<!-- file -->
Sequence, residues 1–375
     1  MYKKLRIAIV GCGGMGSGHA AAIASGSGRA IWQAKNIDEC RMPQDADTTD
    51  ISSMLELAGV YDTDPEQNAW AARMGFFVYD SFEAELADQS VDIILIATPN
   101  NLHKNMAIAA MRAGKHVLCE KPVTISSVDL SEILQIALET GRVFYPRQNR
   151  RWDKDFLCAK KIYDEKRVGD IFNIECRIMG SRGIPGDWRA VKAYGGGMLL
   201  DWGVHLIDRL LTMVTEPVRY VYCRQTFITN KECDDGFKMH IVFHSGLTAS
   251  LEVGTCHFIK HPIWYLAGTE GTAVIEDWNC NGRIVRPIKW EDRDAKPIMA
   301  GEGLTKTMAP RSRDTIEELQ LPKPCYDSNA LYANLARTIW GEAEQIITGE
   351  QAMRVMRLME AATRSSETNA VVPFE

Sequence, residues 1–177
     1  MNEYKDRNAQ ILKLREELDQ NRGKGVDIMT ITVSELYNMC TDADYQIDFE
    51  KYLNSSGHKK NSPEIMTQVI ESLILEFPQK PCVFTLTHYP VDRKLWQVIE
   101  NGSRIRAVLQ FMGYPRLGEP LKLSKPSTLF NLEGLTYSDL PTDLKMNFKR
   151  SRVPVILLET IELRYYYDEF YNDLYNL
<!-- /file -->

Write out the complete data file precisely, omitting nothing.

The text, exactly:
Sequence, residues 1–375
     1  MYKKLRIAIV GCGGMGSGHA AAIASGSGRA IWQAKNIDEC RMPQDADTTD
    51  ISSMLELAGV YDTDPEQNAW AARMGFFVYD SFEAELADQS VDIILIATPN
   101  NLHKNMAIAA MRAGKHVLCE KPVTISSVDL SEILQIALET GRVFYPRQNR
   151  RWDKDFLCAK KIYDEKRVGD IFNIECRIMG SRGIPGDWRA VKAYGGGMLL
   201  DWGVHLIDRL LTMVTEPVRY VYCRQTFITN KECDDGFKMH IVFHSGLTAS
   251  LEVGTCHFIK HPIWYLAGTE GTAVIEDWNC NGRIVRPIKW EDRDAKPIMA
   301  GEGLTKTMAP RSRDTIEELQ LPKPCYDSNA LYANLARTIW GEAEQIITGE
   351  QAMRVMRLME AATRSSETNA VVPFE

Sequence, residues 1–177
     1  MNEYKDRNAQ ILKLREELDQ NRGKGVDIMT ITVSELYNMC TDADYQIDFE
    51  KYLNSSGHKK NSPEIMTQVI ESLILEFPQK PCVFTLTHYP VDRKLWQVIE
   101  NGSRIRAVLQ FMGYPRLGEP LKLSKPSTLF NLEGLTYSDL PTDLKMNFKR
   151  SRVPVILLET IELRYYYDEF YNDLYNL